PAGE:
Django is a free and open-source web framework written in Python with its core principles being scalability, re-usability, and rapid development. It is also known for its framework-level consistency and loose coupling, allowing for individual components to be independent of one another.
In this tutorial, we will set up a Django environment for development purposes on an Ubuntu 20.04 server. For a live website, you will have additional considerations, including connecting to a database, setting up a domain name, and adding layers of security.
In order to complete this tutorial, you will need:
- A non-root user account with
sudoprivileges, which you can achieve by following and completing the initial server setup for Ubuntu 20.04 tutorial.
- Python 3 set up with a virtual programming environment. You can get this set up via our Python 3 installation guide.
Step 1 — Installing Django
There are several ways to install Django, the Python package manager pip within a virtual environment.
While in the server’s home directory, we’ll create the directory that will contain our Django application. Run the following command to create a directory called
django-apps, or another name of your choice. Then navigate to the directory.
mkdir django-apps cd django-apps
While inside the
django-apps directory, create your virtual environment. We’ll call it the generic
env, but you should use a name that is meaningful for you and your project.
virtualenv -p python3 env
Now, activate the virtual environment with the following command:
You’ll know it’s activated once the prefix is changed to
(env), which will look similar to the following, depending on what directory you are in:
Within the environment, install the Django package using pip. Installing Django allows us to create and run Django applications.
pip install django
Once installed, verify your Django installation by running a version check:
This, or something similar, will be the resulting output:
With Django installed on your server, we can move on to creating a test project to make sure everything is working correctly. We’ll be creating a skeleton web application.
Step 2 — Adjusting Firewall Settings
If you followed our initial server setup tutorial or have a firewall running on your server, we’ll need to open the port we’ll be using in our server’s firewall. For the UFW firewall, you can open the port with the following command:
sudo ufw allow 8000
Step 3 — Starting the Project
We now can generate an application using
django-admin, a command-line utility for administration tasks in Python. Then we can use the
startproject command to create the project directory structure for our test website.
While in the
django-apps directory, run the following command:
django-admin startproject djangosite
Now we can look to see what project files were just created. Navigate to the
testsite the directory then lists the contents of that directory to see what files were created:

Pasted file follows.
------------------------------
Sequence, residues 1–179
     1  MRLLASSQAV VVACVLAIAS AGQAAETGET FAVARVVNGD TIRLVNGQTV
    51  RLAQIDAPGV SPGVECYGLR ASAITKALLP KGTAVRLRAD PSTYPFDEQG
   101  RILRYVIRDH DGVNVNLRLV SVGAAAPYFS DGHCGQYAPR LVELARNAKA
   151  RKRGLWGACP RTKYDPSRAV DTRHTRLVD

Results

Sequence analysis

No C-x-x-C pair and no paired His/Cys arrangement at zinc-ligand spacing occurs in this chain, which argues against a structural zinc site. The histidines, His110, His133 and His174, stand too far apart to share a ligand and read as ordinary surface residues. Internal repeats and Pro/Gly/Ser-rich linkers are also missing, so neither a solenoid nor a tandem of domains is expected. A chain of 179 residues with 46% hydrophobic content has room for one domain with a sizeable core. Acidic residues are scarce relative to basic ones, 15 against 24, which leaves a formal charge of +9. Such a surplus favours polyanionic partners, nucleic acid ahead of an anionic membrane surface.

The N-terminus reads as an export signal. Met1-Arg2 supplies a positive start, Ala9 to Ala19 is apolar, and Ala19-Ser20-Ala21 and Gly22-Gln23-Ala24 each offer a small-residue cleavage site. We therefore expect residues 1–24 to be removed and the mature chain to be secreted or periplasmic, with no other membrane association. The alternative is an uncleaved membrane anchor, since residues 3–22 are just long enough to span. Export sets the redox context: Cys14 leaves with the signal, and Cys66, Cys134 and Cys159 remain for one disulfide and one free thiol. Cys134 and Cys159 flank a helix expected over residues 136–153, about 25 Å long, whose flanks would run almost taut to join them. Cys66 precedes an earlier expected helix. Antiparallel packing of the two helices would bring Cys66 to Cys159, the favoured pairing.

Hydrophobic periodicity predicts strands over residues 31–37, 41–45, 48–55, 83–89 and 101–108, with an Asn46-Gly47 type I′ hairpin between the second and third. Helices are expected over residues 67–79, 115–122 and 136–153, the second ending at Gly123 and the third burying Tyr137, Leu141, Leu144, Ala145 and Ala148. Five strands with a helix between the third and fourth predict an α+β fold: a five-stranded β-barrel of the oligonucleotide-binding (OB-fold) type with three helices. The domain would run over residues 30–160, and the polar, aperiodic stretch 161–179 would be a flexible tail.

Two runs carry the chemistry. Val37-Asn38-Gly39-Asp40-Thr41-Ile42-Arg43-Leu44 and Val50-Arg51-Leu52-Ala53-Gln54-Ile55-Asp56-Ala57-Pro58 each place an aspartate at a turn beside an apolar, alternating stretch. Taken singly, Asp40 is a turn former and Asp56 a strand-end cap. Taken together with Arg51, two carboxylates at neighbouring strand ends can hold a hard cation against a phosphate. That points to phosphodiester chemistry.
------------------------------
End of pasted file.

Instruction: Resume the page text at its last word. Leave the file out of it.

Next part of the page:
cd djangosite ls Output manage.py djangosite
You will notice output that shows this directory contains a file named
manage.py and a folder named
manage.py the file is similar to
django-admin and puts the project’s package on
sys.path. This also sets the
DJANGO_SETTINGS_MODULE environment variable to point to your project’s
You can view the
manage.py the script in your terminal by running the less a command like so:
When you’re finished reading the script, press
q, to quit viewing the file.
Now navigate to the
testsite directory to view the other files that were created:
cd djangosite/ ls djangosite
Then run the following command to list the contents of the directory:
Output __init__.py asgi.py settings.py urls.py wsgi.py
Step 4 — Configuring Django
Now we can start the server and view the website on a designated host and port by running the
We’ll need to add your server IP address to the list of
ALLOWED_HOSTS in the
settings.py file located in
As stated in the Django docs, the
ALLOWED_HOSTS variable contains “a list of strings representing the host/domain names that this Django site can serve. This is a security measure to prevent HTTP Host header attacks, which are possible even under many seemingly safe web server configurations.”
You can use your favorite text editor to add your IP address. For example, if you’re using
nano, run the following command:
Once you run the command, you’ll want to navigate to the Allowed Hosts Section of the document and add your server’s IP address inside the square brackets within single or double-quotes.
""" Django settings for testsite project. Generated by 'django-admin startproject' using Django 2.0. ... """ ... # SECURITY WARNING: don't run with debug turned on in production! DEBUG = True # Edit the line below with your server IP address ALLOWED_HOSTS = ['your-server-ip'] ...
Step 5 — Accessing the Django Web App
With our configuration completed, be sure to navigate back to the directory where
manage.py is located:
python manage.py runserver 0.0.0.0:8000
Finally, you can navigate to the below link to see what your skeleton website looks like, again replacing the highlighted text with your server’s actual IP:
In this tutorial you have successfully installed Django and set up a development environment to begin working on your Django app.
You now have the foundation needed to get started building Django web applications.